I do not believe it is possible to study behavior and mind independently. These are two sources that make up the human soul that coexist and contribute to one another. It is not possible to separate the two as if they exist independently. The brain is made up of billions of cells that exist and work together to control not only our thoughts, but also our behaviors, and how our body functions. The brain controls the entire body’s movement and function. Additionally, the brain controls our behaviors, as scientists have found that certain areas of the brain contribute to certain attributes of our personalities (Myers & Jeeves). As in the famous case of Phineas Gage, our frontal lobe controls impulse and social behavior. This serves as an example of how the network of cells within the brain directly act on our behavior. This network exists as part of the mind as these same cells within the brain control our personal thoughts.
The mind and body coexist as a human being. “The human part of you and me is not a ghost in a body but rather the whole unified system of brain and mind” (Myers & Jeeves). We cannot reduce the two parts to exist independently. As previously stated, it is our mind that controls our body and our behaviors are sourced within our thoughts. It is my understanding that if the two were to exist independently, they would also function independently. I believe this would be similar to the case of an individual suffering from schizophrenia. As in R.D. Lang’s work, The Divided Self, if the thoughts and actions of an individual do not coincide, the individual has become detached. “This detachment of the self means that the self is never revealed directly in the individual’s expression and actions” (Lang). This is what comes to my mind when I hear of experts trying to study the mind and behavior independently of one another. I think if the two are said to be detached, then the persona as a whole is detached from reality, as we need both to accurately function and experience life.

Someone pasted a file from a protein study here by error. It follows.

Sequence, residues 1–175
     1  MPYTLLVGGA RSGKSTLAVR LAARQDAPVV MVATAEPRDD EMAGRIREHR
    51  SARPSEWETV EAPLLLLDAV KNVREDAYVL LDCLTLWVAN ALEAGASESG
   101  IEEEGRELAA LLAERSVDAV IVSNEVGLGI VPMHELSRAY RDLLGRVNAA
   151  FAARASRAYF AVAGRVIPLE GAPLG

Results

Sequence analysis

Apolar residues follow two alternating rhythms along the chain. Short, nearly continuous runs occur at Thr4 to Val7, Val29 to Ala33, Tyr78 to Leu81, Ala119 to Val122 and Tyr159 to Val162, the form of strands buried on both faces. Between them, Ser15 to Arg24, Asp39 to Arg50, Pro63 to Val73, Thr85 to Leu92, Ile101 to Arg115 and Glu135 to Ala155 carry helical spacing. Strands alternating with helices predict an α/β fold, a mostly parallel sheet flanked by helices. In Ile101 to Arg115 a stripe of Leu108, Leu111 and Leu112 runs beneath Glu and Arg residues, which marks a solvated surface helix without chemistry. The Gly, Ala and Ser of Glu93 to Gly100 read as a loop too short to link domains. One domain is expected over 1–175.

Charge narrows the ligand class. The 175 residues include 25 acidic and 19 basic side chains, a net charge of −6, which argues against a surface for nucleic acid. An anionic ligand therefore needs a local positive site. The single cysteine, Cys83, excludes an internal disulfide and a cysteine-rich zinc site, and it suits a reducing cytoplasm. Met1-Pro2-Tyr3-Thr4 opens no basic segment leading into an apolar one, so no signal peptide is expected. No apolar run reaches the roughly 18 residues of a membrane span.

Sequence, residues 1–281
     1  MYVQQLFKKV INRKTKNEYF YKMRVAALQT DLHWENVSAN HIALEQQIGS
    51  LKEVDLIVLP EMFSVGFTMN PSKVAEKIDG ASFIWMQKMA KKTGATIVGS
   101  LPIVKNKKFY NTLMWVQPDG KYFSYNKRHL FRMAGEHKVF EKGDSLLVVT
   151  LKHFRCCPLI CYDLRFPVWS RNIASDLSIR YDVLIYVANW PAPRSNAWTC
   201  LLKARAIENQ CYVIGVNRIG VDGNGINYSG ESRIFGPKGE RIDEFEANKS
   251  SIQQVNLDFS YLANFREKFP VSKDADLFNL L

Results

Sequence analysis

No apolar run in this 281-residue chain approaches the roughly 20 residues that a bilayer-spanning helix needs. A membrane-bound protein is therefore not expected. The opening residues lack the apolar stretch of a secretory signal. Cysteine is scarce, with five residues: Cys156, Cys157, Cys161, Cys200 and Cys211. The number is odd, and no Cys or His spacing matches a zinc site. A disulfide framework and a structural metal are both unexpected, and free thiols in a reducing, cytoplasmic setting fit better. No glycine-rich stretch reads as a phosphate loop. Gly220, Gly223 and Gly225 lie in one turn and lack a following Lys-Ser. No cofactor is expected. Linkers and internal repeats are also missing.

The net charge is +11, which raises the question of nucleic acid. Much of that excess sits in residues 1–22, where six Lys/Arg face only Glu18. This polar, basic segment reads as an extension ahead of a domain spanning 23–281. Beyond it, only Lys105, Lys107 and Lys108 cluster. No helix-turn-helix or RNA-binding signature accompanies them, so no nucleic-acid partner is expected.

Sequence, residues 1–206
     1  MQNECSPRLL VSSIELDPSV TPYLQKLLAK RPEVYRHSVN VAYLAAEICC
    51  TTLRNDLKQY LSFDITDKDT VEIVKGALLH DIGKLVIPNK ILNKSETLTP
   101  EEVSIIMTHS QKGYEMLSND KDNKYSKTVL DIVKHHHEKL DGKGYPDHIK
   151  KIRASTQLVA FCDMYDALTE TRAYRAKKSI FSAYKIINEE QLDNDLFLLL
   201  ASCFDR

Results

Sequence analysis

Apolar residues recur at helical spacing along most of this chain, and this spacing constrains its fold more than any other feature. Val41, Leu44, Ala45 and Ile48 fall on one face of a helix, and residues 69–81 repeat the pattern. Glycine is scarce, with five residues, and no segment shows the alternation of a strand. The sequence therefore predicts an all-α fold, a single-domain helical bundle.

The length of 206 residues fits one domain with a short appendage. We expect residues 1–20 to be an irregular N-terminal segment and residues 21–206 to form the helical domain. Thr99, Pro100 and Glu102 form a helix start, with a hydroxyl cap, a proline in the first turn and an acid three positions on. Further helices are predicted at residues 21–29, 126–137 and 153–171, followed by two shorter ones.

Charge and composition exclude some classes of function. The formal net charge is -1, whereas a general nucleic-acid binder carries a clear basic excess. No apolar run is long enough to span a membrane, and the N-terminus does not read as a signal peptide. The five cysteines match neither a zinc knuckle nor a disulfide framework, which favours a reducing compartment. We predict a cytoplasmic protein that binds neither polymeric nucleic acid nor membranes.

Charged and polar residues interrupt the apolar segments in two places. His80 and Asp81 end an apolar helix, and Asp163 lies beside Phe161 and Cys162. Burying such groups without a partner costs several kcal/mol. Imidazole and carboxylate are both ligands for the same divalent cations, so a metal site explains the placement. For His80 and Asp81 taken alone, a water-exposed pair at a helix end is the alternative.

Laing, R. (1965). The divided self: An existential study in sanity and madness (p. 80).
Harmondsworth, Middlesex: Penguin Books.
Myers, D., & Jeeves, M. (2003). Psychology through the eyes of faith (pp. 19-25). Washington,
D.C.: Council for Christian Colleges & Universities.